Travels Through North America,
during the years 1825 and 1826

By His Highness,
Bernhard, Duke of Saxe-Weimar Eisenach

The large and celebrated hospital of Philadelphia was established by the Quakers, and is under their direction. It owes its origin to voluntary contributions and posthumous donations. It is surrounded by a garden, and consists of a main building with two wings, besides other separate buildings, one of which is used for incurable lunatics, another for venereal patients, and others for household purposes and stables; for they here keep carriages, in which the convalescents ride when it is allowed. Behind the principal building is a kitchen garden, with a hot-house that contains many exotic plants. A particular building has been erected for the painting of Sir Benjamin West, who was a native of Philadelphia, and presented it to the hospital. The subject of the painting is Christ healing the sick. Neither the composition nor the execution of this painting appear to me to be successful; and perhaps it is only here, where they are unaccustomed to see great and well executed paintings, that this could excite such astonishing admiration as it has done. It is really singular that near this painting, which certainly has some merit, they should hang a little picture, accidentally discovered in the city, which was daubed as a first essay by the same artist, when young.

The hospital is three stories high; in the lower story are the offices, the apothecary, the rooms of two physicians, one of whom must always be in the house, and the library, which contains a very handsome collection of books on medicine and natural history. As a sort of antiquity, they show here William Penn's arm-chair; a leaden statue, made in England, of this eminent man, of full size and in the Quaker dress, stands in the square in front of the house. Corridors run through both wings, and thence you enter the rooms, each containing twelve patients; they are under the care of female nurses, and lay on wooden bedsteads; only the maniacs have them of iron. Throughout this house extraordinary cleanliness is observed. To the melancholy, every species of employment is permitted, provided it does not interfere with their own safety or that of other patients. Some worked in the garden, two were occupied as cabinet-makers, and a lock-maker from Darmstadt was engaged two years in making a musket, for which he has prepared a colossal lock of wire and tin.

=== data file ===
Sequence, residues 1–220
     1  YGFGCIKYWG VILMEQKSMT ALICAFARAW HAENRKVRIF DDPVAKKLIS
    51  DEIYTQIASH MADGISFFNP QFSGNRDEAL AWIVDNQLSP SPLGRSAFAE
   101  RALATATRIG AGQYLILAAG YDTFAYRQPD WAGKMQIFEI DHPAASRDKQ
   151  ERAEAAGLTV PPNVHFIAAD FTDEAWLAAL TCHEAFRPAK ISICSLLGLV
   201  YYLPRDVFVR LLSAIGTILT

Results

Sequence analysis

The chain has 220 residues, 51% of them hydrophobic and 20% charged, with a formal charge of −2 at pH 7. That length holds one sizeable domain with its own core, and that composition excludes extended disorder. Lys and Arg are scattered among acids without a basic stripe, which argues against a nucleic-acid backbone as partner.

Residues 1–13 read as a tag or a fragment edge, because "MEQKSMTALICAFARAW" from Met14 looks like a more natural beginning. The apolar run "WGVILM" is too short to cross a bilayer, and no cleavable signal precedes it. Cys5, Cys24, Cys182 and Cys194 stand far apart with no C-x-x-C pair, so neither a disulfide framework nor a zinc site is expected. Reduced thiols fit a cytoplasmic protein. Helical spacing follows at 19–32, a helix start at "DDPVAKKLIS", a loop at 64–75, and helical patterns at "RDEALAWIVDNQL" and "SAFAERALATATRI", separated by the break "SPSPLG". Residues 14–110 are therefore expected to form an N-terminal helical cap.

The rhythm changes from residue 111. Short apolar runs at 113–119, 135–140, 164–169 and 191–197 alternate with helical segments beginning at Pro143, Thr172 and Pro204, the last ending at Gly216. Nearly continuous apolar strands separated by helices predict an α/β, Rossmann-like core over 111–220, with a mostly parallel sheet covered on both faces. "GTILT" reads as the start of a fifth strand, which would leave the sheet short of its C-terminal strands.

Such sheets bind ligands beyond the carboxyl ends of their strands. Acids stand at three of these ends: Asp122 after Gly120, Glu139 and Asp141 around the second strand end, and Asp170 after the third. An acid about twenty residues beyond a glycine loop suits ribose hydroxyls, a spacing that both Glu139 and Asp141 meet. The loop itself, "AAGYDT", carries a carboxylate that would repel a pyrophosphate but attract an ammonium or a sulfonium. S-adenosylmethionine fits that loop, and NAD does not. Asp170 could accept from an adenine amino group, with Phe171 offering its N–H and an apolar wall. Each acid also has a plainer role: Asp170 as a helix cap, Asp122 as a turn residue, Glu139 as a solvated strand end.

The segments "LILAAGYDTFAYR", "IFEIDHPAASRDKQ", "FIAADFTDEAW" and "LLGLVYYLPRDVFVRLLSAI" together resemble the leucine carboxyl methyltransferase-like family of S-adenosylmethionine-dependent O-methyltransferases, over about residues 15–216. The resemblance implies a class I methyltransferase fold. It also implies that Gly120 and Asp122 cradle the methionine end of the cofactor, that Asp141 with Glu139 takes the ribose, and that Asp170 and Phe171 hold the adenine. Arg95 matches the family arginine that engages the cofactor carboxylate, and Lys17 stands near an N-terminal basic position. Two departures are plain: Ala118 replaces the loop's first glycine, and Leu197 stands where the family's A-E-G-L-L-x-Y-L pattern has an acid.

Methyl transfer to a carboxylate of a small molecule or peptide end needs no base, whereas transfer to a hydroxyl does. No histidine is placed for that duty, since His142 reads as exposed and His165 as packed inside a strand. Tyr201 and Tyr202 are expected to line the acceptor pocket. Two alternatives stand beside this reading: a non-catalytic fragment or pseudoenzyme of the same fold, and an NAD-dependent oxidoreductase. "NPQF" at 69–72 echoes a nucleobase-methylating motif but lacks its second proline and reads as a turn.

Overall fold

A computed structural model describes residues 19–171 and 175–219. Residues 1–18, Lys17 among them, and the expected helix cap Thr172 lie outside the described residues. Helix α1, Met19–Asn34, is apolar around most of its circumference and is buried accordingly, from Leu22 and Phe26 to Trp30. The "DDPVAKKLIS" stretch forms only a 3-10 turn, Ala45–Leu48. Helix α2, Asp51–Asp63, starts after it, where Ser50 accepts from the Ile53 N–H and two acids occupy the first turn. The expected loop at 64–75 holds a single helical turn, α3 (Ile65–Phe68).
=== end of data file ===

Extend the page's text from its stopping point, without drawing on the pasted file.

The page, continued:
When I returned from this remarkable institution, I received a visit from a literary gentleman from Leipzig, Mr. Rivinus. This young man had already been two years in this city, collecting observations on America, to make known in Germany. I was much interested by him. He appeared to me well suited to gather information concerning the new world and to present it to the old; perhaps he may contribute to make German literature known to the Americans.

Mr. Vaux had the politeness to accompany me to some literary institutions. We went first to the Franklin Library; this collection, which amounts to thirty thousand volumes, was established by voluntary subscriptions, and is supported by the same means. The subscribers have the right to take books home with them; the library contains likewise a large collection of copperplates, and amongst others a handsome edition of Hogarth's prints. The library is arranged in two great halls, and as a curiosity they show Dr. Franklin's library chair. The statue of this famous man stands in a niche over the entrance of the house, and was presented, as the inscription says, by Mr. Bingham, the meritorious father of Mr. Bingham of Montreal. After that we went to the Philosophical Society, which also owns a building, and possesses a rich library and cabinet. The librarian, Mr. John Vaughan, a venerable gentleman, equally esteemed for his benevolence and urbanity, performed the honors. He showed us the handwriting of several celebrated individuals of the revolution. The cabinet contains, amongst other things, a mineralogical cabinet, a collection of shells, &c. Finally, we went to the State House, and saw the plain and not very large hall in which the Declaration of Independence was signed on the 4th of July, 1776. This hall is decorated with a wooden statue, the size of life of President Washington; on the pedestal is the following inscription: "First in war, first in peace, first in the hearts of his countrymen."



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